Verify email addresses

Double-check—maybe even triple-check—the sender’s email address, especially if it involves financial transactions. Look closely for slight variations or misspellings, which could indicate a scammer is trying to misrepresent their identity. More tips for vetting email addresses include:
Be wary of addresses from public sites like Gmail, Yahoo, or Outlook instead of official company domains.
 Copy and paste the email address into a search engine to see if it’s linked to known scams.
If something seems off, contact the company directly to verify the email’s authenticity.

Create strong passwords

Create strong passwords for your email, banking, and other online accounts. These passwords shouldn’t include easy-to-guess information like the four digits of your birthday or a number sequence like 1234.

Here are some tips for strong passwords:

Use at least 12 characters.
Combine letters, numbers, and symbols.
Avoid dictionary words, phrases, dates, and number sequences.
Use a unique password for every account.
Regularly update passwords.
Use two-factor authentication (2FA)
Periodically check for breaches.

Secure your devices

One of the best ways to prevent wire fraud and other cybercrimes is to properly secure your electronic devices, including laptops, desktops, mobile phones, video game consoles, and tablets. Use passwords, PINs, or biometric features to lock your devices, and require two-factor authentication (2FA) to unlock them. Also, keep them up to date with the latest security patches.

Be skeptical of urgent requests

Creating a sense of urgency is one of the most common strategies scammers use. They hope their urgency rushes you into a quick decision. After all, if you’re rushed, you’re less likely to be skeptical of the request. They want you to act from a place of pure emotion and disregard red flags or potential consequences.

If you receive an unexpected or urgent request for a wire transfer, independently verify the request before taking any action.

Monitor your accounts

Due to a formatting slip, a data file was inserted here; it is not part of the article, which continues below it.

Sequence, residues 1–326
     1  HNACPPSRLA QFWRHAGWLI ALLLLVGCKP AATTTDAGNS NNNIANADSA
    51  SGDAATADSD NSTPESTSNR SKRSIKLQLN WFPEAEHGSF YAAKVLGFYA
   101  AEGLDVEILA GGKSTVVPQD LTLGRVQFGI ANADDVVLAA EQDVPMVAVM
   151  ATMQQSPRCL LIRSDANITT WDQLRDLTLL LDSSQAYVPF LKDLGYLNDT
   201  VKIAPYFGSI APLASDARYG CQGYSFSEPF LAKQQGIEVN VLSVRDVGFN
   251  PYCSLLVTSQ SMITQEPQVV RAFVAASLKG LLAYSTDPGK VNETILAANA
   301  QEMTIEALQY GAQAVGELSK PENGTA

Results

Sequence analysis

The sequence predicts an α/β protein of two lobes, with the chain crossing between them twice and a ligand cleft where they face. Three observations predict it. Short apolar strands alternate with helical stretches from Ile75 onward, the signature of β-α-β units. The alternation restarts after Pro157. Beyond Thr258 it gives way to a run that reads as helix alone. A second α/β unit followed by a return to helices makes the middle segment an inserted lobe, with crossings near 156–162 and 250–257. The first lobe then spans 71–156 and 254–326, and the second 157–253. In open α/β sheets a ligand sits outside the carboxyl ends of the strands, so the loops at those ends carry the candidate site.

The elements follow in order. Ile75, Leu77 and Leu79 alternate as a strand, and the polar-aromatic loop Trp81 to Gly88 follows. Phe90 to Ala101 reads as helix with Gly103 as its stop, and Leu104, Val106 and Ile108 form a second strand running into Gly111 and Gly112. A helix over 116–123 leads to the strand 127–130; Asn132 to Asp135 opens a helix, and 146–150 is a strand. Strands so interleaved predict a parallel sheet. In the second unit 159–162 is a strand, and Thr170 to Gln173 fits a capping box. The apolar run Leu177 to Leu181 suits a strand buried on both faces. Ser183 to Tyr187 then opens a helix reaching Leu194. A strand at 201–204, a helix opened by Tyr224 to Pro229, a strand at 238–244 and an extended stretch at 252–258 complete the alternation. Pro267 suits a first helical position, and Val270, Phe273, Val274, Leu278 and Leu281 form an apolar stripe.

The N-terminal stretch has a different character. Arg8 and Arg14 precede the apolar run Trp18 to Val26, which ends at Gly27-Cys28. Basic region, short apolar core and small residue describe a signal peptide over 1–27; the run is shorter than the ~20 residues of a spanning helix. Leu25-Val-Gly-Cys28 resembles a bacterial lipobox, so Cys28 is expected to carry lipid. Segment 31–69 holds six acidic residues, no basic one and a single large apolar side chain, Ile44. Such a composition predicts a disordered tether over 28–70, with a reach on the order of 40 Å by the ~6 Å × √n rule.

Although learning of unauthorized or suspicious transactions is never ideal, it’s far better to catch them early. This helps minimize your losses and maximize the chances you get your money back. Regularly review your bank and credit card activity for unauthorized or suspicious transactions. Be sure to opt in to real-time transaction alerts on any accounts that offer them.

Check website security

Make sure every website you use for financial transactions has “https://” in the URL, which indicates the site has a secure connection.

If you’re looking for a secure website to send money online, you’ve come to the right place. Western Union takes every reasonable precaution to keep you, your personal information, and your money protected.


What is the definition of wire fraud under the law?

In the US, wire fraud is a scheme to defraud someone of money or property using electronic communication.

What is the minimum sentence for wire fraud?

There is no wire fraud minimum sentence.

What is the statute of limitations for prosecuting wire fraud cases?

In most cases in the US, the wire fraud statute of limitations is five years from the date of the crime, meaning that the government must bring charges within five years. However, a number of exceptions can extend this period.

What factors are considered when determining the penalty for wire fraud?

Some factors that determine the penalty for wire fraud include:

• The amount of money involved – More money generally equals a more severe sentence.
• Impact – Courts generally issue harsher sentences if victims experience several financial or emotional harm. They might also face stronger penalties if they target vulnerable populations such as older adults.
Criminal history – Scammers with prior convictions may face harsher sentences.
Premeditation – Complex schemes that require more planning might mean more severe penalties.

What is wire fraud conspiracy?

Wire fraud conspiracy is a scheme to defraud that is shared by two or more individuals or entities.